Theme of Macbeth: Fair Is Foul and Foul Is Fair

Topics: Macbeth, King Duncan, Duncan I of Scotland Pages: 2 (439 words) Published: October 17, 2007
Theme of "Fair is Foul and Foul is Fair" in Shakespeare's Macbeth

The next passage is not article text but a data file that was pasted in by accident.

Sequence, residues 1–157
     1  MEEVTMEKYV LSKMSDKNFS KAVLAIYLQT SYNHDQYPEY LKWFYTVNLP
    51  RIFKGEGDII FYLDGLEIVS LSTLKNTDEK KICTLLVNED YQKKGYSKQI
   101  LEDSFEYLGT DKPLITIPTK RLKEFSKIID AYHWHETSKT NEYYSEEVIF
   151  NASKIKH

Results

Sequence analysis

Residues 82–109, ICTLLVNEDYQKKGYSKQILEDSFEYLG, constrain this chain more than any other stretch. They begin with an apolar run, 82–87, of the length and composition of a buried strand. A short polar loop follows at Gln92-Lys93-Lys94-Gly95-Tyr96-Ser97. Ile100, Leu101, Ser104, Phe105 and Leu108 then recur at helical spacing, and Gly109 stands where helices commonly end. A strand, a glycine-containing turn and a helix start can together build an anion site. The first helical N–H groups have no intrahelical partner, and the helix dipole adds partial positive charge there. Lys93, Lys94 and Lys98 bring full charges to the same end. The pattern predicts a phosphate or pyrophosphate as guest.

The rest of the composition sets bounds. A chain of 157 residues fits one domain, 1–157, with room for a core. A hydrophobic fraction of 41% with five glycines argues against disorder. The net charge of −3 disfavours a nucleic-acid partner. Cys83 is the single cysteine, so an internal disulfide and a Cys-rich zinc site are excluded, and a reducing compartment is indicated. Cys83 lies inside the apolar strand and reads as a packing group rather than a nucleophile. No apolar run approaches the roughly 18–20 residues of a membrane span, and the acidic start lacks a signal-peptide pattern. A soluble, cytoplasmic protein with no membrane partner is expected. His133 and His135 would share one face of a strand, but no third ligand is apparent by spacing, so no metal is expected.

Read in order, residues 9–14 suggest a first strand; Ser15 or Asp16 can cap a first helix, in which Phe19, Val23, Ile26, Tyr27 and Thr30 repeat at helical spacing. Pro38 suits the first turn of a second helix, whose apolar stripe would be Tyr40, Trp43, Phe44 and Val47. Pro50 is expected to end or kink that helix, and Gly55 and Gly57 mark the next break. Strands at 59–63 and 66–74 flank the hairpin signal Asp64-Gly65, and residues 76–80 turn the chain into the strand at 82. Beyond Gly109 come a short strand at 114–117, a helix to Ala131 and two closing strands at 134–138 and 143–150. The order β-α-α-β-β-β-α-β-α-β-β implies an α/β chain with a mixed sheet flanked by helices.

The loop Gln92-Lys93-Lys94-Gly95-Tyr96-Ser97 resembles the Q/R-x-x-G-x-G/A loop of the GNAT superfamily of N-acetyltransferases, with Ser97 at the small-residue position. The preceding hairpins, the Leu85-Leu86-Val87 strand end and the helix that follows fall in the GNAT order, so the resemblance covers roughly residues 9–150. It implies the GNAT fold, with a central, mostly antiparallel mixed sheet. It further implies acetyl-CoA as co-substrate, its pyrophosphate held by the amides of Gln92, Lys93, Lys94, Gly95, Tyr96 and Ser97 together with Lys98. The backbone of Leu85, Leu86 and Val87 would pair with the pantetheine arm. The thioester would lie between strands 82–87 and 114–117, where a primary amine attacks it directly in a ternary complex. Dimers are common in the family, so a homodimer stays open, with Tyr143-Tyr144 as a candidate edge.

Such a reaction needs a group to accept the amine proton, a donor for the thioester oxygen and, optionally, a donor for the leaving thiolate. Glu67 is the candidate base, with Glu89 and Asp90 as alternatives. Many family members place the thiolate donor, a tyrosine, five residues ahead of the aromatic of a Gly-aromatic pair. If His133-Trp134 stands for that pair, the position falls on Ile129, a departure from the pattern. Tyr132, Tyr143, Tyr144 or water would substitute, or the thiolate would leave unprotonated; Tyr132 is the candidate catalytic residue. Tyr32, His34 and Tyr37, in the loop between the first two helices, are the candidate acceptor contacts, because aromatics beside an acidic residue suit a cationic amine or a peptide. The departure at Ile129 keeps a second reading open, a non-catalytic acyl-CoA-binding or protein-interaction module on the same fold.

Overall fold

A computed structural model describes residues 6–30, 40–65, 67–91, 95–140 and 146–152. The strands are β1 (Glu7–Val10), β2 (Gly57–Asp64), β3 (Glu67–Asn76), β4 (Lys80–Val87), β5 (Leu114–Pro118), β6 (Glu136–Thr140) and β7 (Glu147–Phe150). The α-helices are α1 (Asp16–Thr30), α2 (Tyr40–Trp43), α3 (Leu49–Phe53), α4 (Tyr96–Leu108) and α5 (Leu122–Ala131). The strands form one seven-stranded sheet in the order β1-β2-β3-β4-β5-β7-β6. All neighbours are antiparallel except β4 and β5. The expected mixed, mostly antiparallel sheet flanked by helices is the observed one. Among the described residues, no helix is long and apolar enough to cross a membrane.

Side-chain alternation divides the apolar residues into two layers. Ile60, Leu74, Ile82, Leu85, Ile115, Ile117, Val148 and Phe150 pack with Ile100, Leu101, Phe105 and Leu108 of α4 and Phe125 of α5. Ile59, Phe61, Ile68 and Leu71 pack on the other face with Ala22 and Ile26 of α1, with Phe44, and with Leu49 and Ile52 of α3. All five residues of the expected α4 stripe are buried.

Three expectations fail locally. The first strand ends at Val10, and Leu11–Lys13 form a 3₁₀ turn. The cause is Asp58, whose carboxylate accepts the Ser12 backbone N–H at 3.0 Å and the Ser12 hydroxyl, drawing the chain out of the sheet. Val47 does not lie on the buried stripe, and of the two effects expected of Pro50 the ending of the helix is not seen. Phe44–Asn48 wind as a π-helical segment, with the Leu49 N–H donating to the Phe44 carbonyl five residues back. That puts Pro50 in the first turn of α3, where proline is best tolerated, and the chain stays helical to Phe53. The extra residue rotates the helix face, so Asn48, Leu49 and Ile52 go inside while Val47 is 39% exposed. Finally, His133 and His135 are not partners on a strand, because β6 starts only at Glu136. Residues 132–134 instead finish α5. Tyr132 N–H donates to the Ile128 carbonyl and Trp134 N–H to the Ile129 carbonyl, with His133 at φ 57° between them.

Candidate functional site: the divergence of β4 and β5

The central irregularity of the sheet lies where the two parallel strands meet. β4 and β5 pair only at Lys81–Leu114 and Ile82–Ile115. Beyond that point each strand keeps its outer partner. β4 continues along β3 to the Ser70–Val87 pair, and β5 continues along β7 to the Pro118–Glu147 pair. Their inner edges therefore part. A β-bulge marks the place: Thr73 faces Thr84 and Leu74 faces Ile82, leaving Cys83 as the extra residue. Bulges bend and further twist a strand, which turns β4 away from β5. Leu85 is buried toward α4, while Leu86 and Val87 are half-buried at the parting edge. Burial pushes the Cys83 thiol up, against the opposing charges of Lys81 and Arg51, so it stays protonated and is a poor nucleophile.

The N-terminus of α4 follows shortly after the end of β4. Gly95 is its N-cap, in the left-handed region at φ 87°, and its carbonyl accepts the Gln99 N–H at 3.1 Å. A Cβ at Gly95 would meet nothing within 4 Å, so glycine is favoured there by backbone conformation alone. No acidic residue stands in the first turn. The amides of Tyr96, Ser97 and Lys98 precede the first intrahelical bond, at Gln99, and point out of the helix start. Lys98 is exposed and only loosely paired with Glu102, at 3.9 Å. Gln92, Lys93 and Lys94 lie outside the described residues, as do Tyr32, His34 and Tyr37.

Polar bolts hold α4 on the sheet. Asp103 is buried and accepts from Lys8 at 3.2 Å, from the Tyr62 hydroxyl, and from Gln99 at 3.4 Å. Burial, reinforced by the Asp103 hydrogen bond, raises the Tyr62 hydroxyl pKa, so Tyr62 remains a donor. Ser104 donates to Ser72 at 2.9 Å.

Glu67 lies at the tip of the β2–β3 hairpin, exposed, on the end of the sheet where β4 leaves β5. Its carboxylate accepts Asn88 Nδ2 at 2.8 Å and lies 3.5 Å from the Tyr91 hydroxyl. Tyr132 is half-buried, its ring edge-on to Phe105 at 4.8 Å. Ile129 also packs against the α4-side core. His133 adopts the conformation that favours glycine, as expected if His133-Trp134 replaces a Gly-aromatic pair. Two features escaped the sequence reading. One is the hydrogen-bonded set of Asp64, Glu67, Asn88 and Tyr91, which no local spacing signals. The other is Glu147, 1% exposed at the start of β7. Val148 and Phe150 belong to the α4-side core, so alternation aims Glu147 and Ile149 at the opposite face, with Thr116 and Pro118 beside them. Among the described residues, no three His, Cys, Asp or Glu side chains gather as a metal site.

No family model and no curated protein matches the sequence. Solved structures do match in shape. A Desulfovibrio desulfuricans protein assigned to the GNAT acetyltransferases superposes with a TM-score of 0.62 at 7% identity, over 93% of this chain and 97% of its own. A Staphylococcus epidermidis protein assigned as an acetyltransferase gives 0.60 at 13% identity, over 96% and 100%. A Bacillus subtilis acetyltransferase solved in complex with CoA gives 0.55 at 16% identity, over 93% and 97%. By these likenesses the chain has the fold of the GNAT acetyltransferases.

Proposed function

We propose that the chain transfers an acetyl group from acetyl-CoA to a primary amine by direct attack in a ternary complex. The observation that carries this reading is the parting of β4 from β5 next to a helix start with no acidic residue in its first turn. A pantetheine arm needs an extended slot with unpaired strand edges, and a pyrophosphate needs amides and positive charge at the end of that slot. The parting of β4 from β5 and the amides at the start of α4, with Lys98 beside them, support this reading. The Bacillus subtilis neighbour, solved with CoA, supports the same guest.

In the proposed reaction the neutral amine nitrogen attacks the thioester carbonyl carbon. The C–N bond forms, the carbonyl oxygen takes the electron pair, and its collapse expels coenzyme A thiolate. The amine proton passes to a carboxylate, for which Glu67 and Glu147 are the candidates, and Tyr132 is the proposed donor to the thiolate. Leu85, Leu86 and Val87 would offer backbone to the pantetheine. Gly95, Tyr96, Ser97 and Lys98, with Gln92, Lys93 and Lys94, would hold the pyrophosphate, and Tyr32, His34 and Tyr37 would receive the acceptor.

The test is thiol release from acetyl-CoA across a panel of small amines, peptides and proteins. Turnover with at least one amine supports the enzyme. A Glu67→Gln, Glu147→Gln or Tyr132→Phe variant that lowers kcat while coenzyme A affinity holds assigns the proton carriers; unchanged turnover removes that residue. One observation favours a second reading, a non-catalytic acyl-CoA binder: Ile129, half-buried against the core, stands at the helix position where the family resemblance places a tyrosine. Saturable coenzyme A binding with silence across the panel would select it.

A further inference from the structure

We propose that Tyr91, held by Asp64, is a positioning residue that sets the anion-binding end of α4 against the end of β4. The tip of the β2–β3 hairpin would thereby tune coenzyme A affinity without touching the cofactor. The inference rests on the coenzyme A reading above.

One of the most important themes in Macbeth involves the witches' statement in Act 1, Scene1 that "fair is foul and foul is fair." (Act 1, Scene 1, Line 10) When Macbeth and Banquo first see the weird sisters, Banquo is horrified by their hideous appearances. Conversely, Macbeth immediately began to converse with these universally known evil creatures. After hearing their prophecies, Macbeth considered the witches to be "fair" when in reality their intentions were quite "foul." Macbeth's possession of the titles of Thane of Glamis, Thane of Cawdor and King of Scotland came by foul means. Macbeth became the Thane of Glamis by his father Sinel's death; he became Thane of Cawdor when the former thane was executed for treason; and he was ordained King of Scotland after murdering King Duncan. Macbeth seems to have a rulthless way of advancing in life. This theme is further verified by King Duncan's statement "There's no art/ To find the mind's construction in the face…" (Act 1, Scene 4, Lines 11-12) Although Macbeth has the appearance of the amicable and dutiful host ("fair"), he is secretly plotting Duncan's death ("foul"). Furthermore, Lady Macbeth's orchestration of the murder exemplifies the twisted atmosphere in Inverness. Both a woman and a host, she should be the model of grace and femininity. She is described, however, as a "fiendlike queen" (Act 5, Scene 6, Line 69) and exhibits a cold, scheming mentality. In addition, the very porter of Inverness likens the place to the dwelling of the devil Beelzebub. This implies that despite its "pleasant seat," (Act 1, Scene 6, Line 1) Inverness is a sinister and evil place. It is also interesting to note that Macbeth is unable to say a prayer to bless himself after murdering Duncan. It is strange and "foul" that he should think of religion after committing such an unholy act. The very sanction of sleep and repose is also attacked in Macbeth. What is...
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